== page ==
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Rights and duties of the citizen

Both Gandhi, and recently Chief Justice Bobde, have provided an alternative view of the fine balance between means and ends
Original wisdom
Original wisdom
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Arghya Sengupta   |   Published 17.03.20, 06:51 PM

Freedoms of speech, expression, assembly and trade are fundamental rights of every Indian citizen. Despite this solemn constitutional guarantee, an innocuous slogan, ‘Pakistan zindabad, Hindustan zindabad’, has led to a young citizen being charged with sedition; protesters at Shaheen Bagh have been frequently termed ‘anti-national’ despite exercising their rights peacefully. Traders in Kashmir have been effectively denied their right to trade for nearly half of last year with the state being in various degrees of lockdown. It might be tempting to simply blame the authoritarian times we live in for this state of affairs. While this may be correct, it would be just as myopic. Organiser, the Rashtriya Swayamsevak Sangh mouthpiece, was banned by Jawaharlal Nehru for publishing objectionable material threatening public order in 1950; the left-leaning publication, Cross Roads, met the same fate for criticizing India’s foreign policy; closer to the present, Aseem Trivedi was charged with sedition for showing Parliament in the shape of a commode during Anna Hazare’s anti-corruption movement.

Historically, governments in India have had a testy relationship with the fundamental rights of citizens. This is despite being obligated by the Constitution to respect them. Mahatma Gandhi had foreseen this. In Hind Swaraj, he had warned that if real swaraj is not fought for, “we shall still keep their [the English] constitution and shall carry on the Government”, creating “English rule without the Englishman”.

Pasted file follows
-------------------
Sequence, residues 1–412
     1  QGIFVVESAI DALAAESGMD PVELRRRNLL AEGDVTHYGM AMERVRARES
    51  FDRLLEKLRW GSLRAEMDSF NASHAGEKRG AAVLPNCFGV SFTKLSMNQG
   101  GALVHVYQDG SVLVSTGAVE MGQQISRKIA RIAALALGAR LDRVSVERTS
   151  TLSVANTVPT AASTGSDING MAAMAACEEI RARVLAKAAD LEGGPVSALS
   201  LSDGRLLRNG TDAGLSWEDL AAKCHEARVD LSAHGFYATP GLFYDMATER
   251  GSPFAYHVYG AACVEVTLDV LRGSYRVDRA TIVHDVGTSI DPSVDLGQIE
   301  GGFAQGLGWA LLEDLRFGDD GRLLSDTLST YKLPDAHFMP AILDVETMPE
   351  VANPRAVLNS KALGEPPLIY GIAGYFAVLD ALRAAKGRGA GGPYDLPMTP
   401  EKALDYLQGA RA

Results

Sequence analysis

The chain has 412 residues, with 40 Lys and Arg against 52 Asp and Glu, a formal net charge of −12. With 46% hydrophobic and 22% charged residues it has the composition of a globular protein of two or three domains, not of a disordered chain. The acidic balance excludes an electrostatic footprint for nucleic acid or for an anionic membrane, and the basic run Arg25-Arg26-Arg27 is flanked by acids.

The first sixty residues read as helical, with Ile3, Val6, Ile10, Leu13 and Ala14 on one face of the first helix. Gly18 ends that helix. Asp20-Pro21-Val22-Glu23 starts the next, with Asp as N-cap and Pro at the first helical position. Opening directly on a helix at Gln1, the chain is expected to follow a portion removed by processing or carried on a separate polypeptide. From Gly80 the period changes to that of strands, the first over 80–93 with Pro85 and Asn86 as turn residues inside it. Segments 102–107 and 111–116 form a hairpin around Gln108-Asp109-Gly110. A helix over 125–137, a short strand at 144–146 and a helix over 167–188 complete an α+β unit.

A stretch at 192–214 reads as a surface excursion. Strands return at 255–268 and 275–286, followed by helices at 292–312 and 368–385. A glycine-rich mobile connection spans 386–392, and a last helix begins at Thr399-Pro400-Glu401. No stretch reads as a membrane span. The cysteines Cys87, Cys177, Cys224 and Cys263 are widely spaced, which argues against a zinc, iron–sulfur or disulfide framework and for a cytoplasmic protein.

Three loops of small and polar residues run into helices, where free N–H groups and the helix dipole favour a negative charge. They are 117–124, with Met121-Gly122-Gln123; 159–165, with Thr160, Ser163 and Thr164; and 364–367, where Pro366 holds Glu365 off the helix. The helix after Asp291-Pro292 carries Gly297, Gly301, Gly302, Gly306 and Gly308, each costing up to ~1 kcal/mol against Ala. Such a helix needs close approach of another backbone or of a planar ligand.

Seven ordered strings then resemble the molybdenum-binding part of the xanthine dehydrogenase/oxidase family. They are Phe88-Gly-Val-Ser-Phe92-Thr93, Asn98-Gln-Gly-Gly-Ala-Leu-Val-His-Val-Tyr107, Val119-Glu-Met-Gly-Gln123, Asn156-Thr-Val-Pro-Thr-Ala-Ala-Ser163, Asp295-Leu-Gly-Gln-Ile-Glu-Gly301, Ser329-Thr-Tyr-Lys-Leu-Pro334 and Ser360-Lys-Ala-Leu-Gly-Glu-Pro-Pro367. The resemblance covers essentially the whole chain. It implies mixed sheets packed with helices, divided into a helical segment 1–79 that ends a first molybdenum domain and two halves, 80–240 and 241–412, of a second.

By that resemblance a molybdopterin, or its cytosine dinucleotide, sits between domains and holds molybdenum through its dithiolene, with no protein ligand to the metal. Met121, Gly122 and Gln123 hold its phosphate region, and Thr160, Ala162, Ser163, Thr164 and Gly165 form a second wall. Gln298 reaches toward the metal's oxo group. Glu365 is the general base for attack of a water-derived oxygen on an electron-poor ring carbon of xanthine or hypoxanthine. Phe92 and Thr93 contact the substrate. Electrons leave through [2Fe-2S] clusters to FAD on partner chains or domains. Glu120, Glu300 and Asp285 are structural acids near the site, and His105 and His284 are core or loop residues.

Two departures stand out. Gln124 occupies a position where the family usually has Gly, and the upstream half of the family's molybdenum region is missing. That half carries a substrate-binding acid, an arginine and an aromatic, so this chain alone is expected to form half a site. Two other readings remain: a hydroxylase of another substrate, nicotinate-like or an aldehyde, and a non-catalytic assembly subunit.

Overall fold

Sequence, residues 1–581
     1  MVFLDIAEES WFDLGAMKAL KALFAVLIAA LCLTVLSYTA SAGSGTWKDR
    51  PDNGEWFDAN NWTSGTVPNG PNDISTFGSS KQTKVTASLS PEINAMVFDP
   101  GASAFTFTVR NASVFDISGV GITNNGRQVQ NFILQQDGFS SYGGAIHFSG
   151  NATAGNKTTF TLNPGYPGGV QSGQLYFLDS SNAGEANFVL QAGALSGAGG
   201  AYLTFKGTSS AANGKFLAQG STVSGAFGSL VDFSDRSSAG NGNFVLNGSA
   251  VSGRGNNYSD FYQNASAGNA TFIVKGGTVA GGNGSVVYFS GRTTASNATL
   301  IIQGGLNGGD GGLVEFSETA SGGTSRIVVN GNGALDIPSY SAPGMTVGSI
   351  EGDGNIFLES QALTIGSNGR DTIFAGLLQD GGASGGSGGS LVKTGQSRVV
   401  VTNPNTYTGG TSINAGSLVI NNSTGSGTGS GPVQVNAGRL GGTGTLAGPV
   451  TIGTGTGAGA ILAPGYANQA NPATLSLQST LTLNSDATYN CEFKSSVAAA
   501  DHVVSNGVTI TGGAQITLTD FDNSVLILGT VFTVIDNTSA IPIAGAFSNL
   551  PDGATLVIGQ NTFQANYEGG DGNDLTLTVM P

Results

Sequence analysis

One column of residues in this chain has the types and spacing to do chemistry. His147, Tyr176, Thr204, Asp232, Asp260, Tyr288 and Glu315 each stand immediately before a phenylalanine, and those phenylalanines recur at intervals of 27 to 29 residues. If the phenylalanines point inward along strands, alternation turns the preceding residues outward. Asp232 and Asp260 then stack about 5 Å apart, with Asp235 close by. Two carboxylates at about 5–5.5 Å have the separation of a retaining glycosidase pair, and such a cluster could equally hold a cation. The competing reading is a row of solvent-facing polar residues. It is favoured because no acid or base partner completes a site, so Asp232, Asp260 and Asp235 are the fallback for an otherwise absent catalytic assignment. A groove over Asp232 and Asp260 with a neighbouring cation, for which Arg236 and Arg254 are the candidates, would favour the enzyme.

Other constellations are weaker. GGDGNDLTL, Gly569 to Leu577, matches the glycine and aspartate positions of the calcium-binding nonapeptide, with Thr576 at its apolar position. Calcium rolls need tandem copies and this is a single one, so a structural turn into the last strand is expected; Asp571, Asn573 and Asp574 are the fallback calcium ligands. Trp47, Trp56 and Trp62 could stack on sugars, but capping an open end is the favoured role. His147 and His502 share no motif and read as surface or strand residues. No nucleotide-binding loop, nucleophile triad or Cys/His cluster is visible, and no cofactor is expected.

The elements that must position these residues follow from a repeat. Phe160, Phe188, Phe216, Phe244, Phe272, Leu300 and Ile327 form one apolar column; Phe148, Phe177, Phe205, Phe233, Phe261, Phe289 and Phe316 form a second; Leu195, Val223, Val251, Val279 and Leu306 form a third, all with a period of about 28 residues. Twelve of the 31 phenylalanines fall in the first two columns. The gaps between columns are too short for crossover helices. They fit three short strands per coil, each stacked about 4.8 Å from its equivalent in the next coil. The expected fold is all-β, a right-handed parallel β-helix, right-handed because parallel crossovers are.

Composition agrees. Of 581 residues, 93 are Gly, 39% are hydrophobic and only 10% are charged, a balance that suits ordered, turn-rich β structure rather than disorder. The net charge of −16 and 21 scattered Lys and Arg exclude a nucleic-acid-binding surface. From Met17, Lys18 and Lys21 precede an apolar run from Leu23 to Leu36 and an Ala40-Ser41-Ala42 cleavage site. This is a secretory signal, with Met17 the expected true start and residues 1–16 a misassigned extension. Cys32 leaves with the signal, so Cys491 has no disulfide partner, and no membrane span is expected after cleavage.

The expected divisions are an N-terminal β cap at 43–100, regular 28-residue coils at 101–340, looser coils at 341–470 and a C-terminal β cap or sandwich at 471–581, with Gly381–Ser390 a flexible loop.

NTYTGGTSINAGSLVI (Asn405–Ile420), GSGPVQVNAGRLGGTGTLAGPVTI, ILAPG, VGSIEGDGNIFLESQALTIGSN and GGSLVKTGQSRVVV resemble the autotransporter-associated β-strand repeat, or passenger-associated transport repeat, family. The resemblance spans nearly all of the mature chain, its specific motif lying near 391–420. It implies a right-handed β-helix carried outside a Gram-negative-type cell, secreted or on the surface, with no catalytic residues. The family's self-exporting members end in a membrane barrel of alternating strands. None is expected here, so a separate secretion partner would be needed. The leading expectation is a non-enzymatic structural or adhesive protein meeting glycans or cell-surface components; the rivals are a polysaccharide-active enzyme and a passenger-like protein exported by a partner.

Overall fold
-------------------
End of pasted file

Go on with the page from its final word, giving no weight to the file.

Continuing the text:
He believed that “real rights are a result of performance of duty”. The same quote was recently used by Justice S.A. Bobde, the Chief Justice of India. Bobde said that it is implicit that legal rights have correlatives of legal duties. But instead of the traditional legal understanding that a right of a citizen leads to a duty of the State, the CJI, like Gandhi, said that a right of citizen is coupled with his/her fundamental duty to abide by the Constitution.

Quite predictably, this has led to a range of criticism. Commentators have asked for rights and duties to not be conflated in this manner. Rights, the argument goes, have their foundation in the essence of being human. Duties, on the other hand, may be necessary for building a family, community or nation but are not central to human existence. This is, at once, a correct understanding of the constitutional scheme, but a misunderstanding of what both Gandhi and Bobde said.

The chapter on fundamental rights has long been upheld as the charter of individual freedoms. Being one of the few parts of the Constitution not carried over from the British-era Government of India Act, 1935, it was certainly able to absorb global currents at the time. Those were heady times with the Universal Declaration of Human Rights coming into existence and new Constitutions being formulated in the Global South making promises of liberty and equality. The chapter reflects this zeitgeist in its bold declaration of the rights to life, personal liberty, equality before the law, a range of freedoms to speak, assemble, travel, trade, practise a religion of one’s choice and so on. Every Indian by virtue of his/her existence would have these rights.